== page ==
Researchers don’t quite understand exactly what causes lymphoma, but they do know that certain characteristics can increase a person’s risk of developing the disease. For instance, a compromised immune system that results from a condition like rheumatoid arthritis, lupus, HIV or AIDS can make a person more likely to develop lymphoma than an individual with a stronger immune system.
How DNA changes can cause lymphoma
Although researchers are still working to determine what causes lymphoma, they have learned important information about the DNA changes that occur when healthy cells become lymphoma cells:
- Division is part of the normal cellular process. When a healthy cell prepares to divide into two new cells, it creates a copy of the DNA within its chromosomes. Sometimes, the copied DNA may not be an exact match of the original.
- If a DNA mutation “tells” an oncogene (a gene that can cause cancer) to turn on or “tells” a tumor suppressor gene (a gene that protects healthy cells from cancer) to turn off, lymphoma might eventually develop as a result.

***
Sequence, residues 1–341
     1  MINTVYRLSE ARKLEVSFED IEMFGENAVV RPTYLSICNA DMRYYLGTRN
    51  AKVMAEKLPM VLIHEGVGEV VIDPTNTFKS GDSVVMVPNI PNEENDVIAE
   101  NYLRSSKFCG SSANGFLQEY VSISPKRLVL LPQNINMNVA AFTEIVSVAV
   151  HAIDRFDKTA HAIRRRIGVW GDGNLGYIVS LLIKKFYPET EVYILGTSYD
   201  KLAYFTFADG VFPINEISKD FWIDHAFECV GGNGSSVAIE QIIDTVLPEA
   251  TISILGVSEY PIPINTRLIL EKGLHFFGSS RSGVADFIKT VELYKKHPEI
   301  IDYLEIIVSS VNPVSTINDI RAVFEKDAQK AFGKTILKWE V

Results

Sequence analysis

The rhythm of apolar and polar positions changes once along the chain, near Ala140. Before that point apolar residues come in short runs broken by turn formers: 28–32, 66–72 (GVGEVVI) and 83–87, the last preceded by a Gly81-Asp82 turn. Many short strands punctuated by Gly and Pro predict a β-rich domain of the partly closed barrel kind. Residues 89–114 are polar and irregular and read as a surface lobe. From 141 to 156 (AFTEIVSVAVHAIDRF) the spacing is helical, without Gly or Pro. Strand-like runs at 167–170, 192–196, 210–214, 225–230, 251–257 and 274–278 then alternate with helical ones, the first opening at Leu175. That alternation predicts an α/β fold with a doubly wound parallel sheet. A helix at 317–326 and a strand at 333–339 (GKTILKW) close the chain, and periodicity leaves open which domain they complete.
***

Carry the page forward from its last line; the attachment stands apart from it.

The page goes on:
- If DNA breaks off from one chromosome and attaches itself to another chromosome, it can cause an oncogene to activate or interfere with the function of a tumor suppressor gene. This can prevent a healthy cell from dying when it is supposed to, which might ultimately trigger the development of lymphoma.
Moffitt Cancer Center’s dedicated research team is continually working to better understand what causes lymphoma. Through clinical trials and lab studies, we’re learning more about the DNA changes that can cause lymphocytes to become cancerous, as well as how these cells respond to various therapies. This is helping us to further refine our approach to treatment every single day, as we discover new and better therapy options for patients with Hodgkin and non-Hodgkin lymphoma.
Referrals are not required to consult with the experts at Moffitt. Our oncologists can help you understand what causes lymphoma and what can be done to treat it; to make an appointment, call 1-888-663-3488, or complete our convenient new patient registration form.